A New Generation of Robust Designed Non-Combustible External and Internal Wall Lining
The Cellulose Magnesia Cement (CMC) board is an environmentally friendly nontoxic magnesium oxide composite and has strength and fire resistance due to the very strong bonds between the Magnesium (Mg) and Oxygen (O) atoms that form Magnesium Oxide (Chemical Symbol MgO)
Board Dimensions : 10 mm / 12 mm / 16 mm x 1200 mm x 2700 mm
* General Purpose : GP : Interior excluding wet area board : Colour White
* High Moisture Resistant : HMR : Exterior and Interior board) : Colour Green
* Pre-Sealed High Water Resistant: PS : Exterior, Interior and wet area board : Colour Grey
FIRE RATED CERTIFIED WALL SYSTEMS UTILISING RESCOM BUILDING PRODUCTS
2. Boundary Wall Construction : 10 mm Fire Wall External Cladding : FRL 90/90/90 : ResCom Boundary-Wall Building System
3. NDIS Specialist Disability Accommodation Design Standard Compliant Class 3 Buildings :
4. Hi Rise Apartments : Intertenancy Walls : 12 mm Fire Wall Board : FRL 90/90/90
5. Multi- Level Town House Common Walls :
16 mm Intertenancy Barrier Panels Fixed Between Wall Frames : FRL 90/90/90 : ResCom Party Wall Building System
6. Dangerous Goods Storage Facilities : 16 mm Fire Storm DG Board : FRL 120/120/120 : DG Blending Room Building System
FRL - Fire Resistance Level
Fire Resistance Level (FRL) as defined in the Building Code of Australia (BCA) is the grading period in minutes for three criteria:
* Structural Adequacy * Integrity * Insulation.
- * Structural adequacy means the ability of a structure to maintain its stability and loadbearing capacity
- * Integrity means the ability of a structure to resist the passage of flames and hot gases
- * Insulation means the ability of a structure to maintain a temperature below specified limits on the surface not exposed to fire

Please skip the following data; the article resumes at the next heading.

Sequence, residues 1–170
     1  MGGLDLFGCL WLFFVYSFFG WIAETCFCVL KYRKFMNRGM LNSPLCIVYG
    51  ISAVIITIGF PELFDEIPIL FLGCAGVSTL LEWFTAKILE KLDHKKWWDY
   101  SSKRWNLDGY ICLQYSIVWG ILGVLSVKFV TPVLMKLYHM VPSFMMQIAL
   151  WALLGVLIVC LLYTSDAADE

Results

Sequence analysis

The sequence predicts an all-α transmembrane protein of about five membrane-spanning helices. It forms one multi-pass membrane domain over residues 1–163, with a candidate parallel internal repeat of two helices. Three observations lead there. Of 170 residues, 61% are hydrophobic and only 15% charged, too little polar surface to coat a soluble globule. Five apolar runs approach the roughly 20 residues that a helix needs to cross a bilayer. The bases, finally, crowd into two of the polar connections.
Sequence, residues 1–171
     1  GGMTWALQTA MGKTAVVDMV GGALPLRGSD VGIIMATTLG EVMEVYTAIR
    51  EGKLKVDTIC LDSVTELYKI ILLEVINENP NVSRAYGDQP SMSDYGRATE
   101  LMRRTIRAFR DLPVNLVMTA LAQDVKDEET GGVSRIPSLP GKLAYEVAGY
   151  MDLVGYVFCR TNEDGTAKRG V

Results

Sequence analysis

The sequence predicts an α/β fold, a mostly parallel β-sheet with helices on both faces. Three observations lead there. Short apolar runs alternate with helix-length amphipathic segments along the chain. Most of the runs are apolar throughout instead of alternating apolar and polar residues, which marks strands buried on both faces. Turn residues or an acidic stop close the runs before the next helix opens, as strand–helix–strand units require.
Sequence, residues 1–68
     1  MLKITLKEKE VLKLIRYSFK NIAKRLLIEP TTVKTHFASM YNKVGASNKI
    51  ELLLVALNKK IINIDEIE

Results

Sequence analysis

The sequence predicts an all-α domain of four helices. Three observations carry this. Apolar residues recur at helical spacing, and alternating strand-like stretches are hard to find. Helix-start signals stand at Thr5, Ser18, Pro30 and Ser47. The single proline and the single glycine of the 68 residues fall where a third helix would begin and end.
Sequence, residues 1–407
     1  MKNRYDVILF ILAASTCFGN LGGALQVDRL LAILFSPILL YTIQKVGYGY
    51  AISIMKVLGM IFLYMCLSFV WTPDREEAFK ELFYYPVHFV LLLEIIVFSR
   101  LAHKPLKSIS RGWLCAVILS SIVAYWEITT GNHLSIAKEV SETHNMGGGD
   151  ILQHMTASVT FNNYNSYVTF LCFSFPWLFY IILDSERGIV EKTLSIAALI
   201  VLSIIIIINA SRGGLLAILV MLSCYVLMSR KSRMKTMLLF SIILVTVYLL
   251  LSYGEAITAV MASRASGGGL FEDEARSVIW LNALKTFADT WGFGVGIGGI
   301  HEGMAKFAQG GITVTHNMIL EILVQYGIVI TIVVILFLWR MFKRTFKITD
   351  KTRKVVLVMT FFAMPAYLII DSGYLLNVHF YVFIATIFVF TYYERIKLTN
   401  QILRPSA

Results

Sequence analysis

Hence, a FRL requirement for a wall of 90/60/30 means that the wall must maintain structural adequacy for 90 minutes, integrity for 60 minutes and insulation for 30 minutes, as tested to AS 1530.4-1990:
“Methods for fire tests on building materials, components and structures – Fire-resistance tests of elements of building construction”
QUICK WALLS PRODUCT LAUNCH IMMINENT
Prefabrication still the biggest driver for change
When it comes to current technologies, prefabricated systems are still considered the biggest driver of change, followed by building information modelling (BIM), computer-aided design (CAD) and drone technology.
44 per cent of respondents acknowledged that prefabrication presented the greatest potential for change.
Despite the positive sentiment towards prefabrication, regulators have recently suggested further regulation in ensuring the quality of the prefabricated building products.
"From a regulator’s point of view, we haven’t even really got set for it, so we’ll be putting a lot of time into that because at the moment, we only have visibility to what physically happens on the site,” New South Wales Building Commissioner David
RAPID RESPONSE HOUSING